With many experts predicting that Republicans will retake the House of Representatives and the Senate in the general election next week, Republican challenger Blake Farenthold hopes he can add District 27 to the list of "formerly held" Democratic strongholds.

Farenthold is a Corpus Christi native who obtained his law degree from St. Mary's University and returned to Corpus Christi to practice law.

He did so for nine years, before leaving the legal profession to start his own computer consulting company. He ran that company for 10 years, before eventually selling it and joining the Jim Lago program on the radio.

He was a co-host of the Jim Lago program for 10 years before deciding to come out from behind the microphone and enter the political arena earlier this year.

He and his wife have two children.

For Farenthold, the biggest issue facing the district is the need for more jobs.

"We've got to get our people back to work," Farenthold said. "And my solution to that is lower taxes and less government. Get the government out of our way, and keep taxes low enough that businesses can afford to grow and hire more people."

Farenthold said he is also concerned about the rise in violence along the Mexican border, an issue he said can be alleviated with a better immigration policy.

"What we've got is an immigration system that doesn't take into account the realities of life - that there's a need for entry-level workers and immigrants in this country," Farenthold said. "We need to create a system that makes it easier to get into this country if you're looking to live the American dream, work hard and make a better life for yourself."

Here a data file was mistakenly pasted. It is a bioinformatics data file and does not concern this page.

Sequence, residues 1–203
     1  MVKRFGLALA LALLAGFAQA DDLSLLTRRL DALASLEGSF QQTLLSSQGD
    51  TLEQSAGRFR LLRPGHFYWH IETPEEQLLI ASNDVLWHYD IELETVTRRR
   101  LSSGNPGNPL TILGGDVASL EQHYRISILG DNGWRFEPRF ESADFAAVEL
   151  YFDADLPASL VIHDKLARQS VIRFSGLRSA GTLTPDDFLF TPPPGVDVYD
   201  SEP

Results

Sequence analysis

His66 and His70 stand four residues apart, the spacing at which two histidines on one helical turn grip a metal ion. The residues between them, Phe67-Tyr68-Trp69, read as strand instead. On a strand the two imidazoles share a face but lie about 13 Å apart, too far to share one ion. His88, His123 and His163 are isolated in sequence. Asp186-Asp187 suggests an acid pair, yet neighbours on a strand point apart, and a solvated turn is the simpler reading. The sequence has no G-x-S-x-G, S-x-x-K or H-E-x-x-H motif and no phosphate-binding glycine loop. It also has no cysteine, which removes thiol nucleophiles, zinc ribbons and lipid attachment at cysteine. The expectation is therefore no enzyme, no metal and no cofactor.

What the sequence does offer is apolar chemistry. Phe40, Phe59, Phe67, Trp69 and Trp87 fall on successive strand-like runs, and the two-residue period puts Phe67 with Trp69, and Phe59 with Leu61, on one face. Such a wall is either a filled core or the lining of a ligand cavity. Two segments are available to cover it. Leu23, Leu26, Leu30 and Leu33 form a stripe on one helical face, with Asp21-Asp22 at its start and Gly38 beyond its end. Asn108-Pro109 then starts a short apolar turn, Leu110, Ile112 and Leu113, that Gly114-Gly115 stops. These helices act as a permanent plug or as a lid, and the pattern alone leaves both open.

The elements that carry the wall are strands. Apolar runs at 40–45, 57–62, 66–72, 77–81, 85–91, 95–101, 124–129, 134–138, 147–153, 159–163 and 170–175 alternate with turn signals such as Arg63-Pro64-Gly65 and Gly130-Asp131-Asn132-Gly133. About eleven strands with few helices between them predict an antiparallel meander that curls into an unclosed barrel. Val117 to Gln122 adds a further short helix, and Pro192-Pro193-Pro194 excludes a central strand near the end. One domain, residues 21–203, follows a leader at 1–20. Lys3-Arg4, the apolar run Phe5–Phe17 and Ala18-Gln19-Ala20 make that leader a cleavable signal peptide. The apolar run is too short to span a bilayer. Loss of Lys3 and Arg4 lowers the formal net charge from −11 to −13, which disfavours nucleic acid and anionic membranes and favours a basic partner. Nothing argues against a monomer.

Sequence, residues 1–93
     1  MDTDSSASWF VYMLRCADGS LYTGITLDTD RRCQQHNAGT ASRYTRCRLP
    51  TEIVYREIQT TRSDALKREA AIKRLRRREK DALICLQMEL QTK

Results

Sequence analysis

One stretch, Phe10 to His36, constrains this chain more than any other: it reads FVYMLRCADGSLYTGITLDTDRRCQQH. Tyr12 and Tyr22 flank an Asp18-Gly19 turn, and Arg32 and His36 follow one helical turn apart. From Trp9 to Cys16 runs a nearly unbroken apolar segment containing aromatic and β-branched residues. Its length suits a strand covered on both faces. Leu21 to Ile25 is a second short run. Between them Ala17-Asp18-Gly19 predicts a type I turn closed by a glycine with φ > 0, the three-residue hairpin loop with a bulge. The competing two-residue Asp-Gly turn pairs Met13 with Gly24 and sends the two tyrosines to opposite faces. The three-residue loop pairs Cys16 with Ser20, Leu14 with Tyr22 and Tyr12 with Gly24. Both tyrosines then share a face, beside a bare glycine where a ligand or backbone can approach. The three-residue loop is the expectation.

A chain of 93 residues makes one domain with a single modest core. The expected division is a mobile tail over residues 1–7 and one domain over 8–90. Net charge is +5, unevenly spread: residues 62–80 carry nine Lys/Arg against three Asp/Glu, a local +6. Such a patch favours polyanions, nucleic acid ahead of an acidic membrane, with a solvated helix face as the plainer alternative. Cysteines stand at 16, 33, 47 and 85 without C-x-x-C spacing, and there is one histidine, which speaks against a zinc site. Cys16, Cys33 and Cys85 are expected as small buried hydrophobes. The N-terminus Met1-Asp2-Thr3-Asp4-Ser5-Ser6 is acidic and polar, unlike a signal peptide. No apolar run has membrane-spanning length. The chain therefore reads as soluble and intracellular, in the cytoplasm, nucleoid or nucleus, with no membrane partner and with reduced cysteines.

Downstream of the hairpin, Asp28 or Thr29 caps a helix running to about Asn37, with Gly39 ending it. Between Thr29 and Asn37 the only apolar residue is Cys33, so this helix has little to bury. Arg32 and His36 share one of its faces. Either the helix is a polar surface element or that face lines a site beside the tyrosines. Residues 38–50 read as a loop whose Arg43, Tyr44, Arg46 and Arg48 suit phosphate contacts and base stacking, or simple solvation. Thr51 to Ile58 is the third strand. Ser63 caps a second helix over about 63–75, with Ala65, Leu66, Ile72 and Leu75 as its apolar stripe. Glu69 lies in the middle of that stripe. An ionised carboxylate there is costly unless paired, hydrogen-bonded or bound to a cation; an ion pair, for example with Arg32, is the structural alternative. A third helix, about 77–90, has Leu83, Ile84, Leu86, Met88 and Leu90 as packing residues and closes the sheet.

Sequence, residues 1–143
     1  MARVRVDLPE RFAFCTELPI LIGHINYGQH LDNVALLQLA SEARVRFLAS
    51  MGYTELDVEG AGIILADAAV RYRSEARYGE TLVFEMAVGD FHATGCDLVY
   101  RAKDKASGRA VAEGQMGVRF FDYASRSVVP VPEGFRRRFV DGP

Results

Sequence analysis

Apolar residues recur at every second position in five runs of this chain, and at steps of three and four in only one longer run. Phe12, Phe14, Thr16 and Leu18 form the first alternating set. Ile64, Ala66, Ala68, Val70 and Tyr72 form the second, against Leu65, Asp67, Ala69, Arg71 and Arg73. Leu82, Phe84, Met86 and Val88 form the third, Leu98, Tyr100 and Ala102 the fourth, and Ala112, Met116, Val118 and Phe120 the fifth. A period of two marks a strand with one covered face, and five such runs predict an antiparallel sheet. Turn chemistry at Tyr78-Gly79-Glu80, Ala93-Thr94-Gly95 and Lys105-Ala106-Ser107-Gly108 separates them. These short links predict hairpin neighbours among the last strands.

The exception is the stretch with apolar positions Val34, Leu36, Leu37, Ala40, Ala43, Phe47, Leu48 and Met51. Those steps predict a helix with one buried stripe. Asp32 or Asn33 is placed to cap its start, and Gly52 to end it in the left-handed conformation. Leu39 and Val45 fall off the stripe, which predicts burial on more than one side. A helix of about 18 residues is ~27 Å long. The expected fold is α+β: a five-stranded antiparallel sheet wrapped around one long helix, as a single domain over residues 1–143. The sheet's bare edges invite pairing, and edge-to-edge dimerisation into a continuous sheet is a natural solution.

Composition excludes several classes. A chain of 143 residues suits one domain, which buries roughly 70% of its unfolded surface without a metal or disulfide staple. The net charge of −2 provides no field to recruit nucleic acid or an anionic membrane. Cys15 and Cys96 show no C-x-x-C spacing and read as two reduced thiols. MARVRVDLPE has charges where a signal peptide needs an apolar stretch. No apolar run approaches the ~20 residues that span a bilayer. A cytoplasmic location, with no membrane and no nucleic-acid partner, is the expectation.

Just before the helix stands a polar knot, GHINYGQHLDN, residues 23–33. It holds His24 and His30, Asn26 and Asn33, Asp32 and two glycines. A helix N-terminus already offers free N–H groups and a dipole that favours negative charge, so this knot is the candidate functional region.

Once "economic refugees" have an option to legally obtain work, Farenthold said it will be easier to tighten border security to focus on drug dealers and terrorists who are trying to illegally cross.

On the international front, Farenthold said the United States needs to be smarter about how it prosecutes the wars in Iraq and Afghanistan - and how it approaches similar conflicts in the future.

"We need to finish up the job. When we've left a war with work undone, almost every time it's come back and bit us," Farenthold said.

"We need to focus on using technology, special forces and the intelligence community to keep a better eye on what's going on in the world so we can stop some of these problems before we reach the point of having to commit ground troops."

Farenthold said the main difference between himself and longtime Democratic Congressman Solomon P. Ortiz is that Ortiz's time in Washington D.C. has left him out of touch with voters at home.

"I'm in this to be a servant-leader. And with Ortiz, we're seeing a pattern of…almost corruption. You can almost go that far," Farenthold said. "The guy doesn't come home to us, he'd rather jet-set around the world. He's completely lost touch with Corpus Christi."

Farenthold has said he believes the job of U.S. Congressman is "temporary and part-time," and has vowed to spend much of his time in the district, instead of in Washington D.C.

Another difference between Ortiz and himself, Farenthold said, is their approach to the role of government.

"Ortiz thinks the government can solve all the problems with stimulus and bail-outs. I don't think that's the government's role," Farenthold said.

"The government needs to get out of the way and let businesses create the jobs and get the economy going."

Given that District 27 runs from Corpus Christi to Brownsville, Farenthold said it is difficult for one person to provide equal representation to all of the district's constituents.

While he hopes the district lines will be re-drawn in the future, Farenthold said he is ready to bring new leadership to District 27.

"On a lot of issues (Brownsville and Corpus Christi) are competing," Farenthold said. "I love Brownsville. They're great people down there. I would be honored to represent them. But it really does require a man of integrity to serve two competing masters. That's going to be a challenge."